In another major blow to the already-debunked "kids need a mother and a father" canard, a new Israeli study finds that gay men raising children conceived through surrogacy develop brain patterns resembling those of both mothers and fathers.
Having a baby alters new mothers' brain activity, researchers have found, and a new study adds the first evidence of such changes in the brains of gay men raising children they adopted through surrogacy.
The men's pattern of brain activity resembles that of both new mothers and new fathers in the study... The 48 gay fathers raising children with their husbands seemed to be both mom and dad, brain-wise. Their emotional circuits were as active as those of mothers and the interpretive circuits showed the same extra activity as that of heterosexual fathers'.
Ideally, scientists would perform neuroimaging on men and women before and then after they became parents, to show definitely that any heightened activity followed junior's arrival and was not present before. Until they can do that, Feldman said, she is confident that the telltale brain activity results from parenting.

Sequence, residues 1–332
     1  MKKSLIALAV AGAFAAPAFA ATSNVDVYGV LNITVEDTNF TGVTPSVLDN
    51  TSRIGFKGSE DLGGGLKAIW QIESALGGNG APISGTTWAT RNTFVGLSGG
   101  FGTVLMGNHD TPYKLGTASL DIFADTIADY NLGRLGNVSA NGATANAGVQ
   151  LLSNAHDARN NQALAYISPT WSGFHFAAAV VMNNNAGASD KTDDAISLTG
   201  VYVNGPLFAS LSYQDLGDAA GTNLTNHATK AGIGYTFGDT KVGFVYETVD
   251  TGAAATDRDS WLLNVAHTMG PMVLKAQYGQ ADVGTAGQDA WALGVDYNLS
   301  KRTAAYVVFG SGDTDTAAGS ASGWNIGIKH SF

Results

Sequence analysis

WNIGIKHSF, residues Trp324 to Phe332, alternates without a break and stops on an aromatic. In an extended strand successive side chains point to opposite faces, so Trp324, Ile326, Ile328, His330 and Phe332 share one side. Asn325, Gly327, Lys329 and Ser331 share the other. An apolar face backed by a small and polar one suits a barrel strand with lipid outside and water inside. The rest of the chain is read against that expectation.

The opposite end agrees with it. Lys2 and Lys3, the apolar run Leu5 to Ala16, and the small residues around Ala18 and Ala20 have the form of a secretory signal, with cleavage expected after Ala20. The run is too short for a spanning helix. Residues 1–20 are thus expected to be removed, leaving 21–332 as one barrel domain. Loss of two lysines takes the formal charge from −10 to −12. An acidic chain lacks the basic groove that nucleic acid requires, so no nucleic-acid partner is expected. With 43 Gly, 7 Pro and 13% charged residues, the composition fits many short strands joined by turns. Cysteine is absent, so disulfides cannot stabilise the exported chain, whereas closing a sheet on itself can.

One clue: in gay fathers, but not heterosexual ones, the brain also had extra communication lines between emotional and cognitive structures. The more time a man spent as primary caregiver, the greater the connectivity. It was as if playing both parental roles caused the brain to integrate the structures required for each.
"Fathers' brains are very plastic," Feldman said. "When there are two fathers, their brains must recruit both networks, the emotional and cognitive, for optimal parenting." [Emphases mine.]
Once again, science has undermined a major right-wing, anti-LGBT talking point -- one that's repeatedly deployed by everyone from the National Organization for Marriage
Discrimination to the U.S. Conference of Catholic Bishops to the Heritage Foundation as an argument for excluding same-sex couples from marriage. Funny how the facts don't support the hysterical claims of our opponents, eh?
When it comes to parenting, it's love -- not gender -- that matters. Eat your heart out, Mark Regnerus.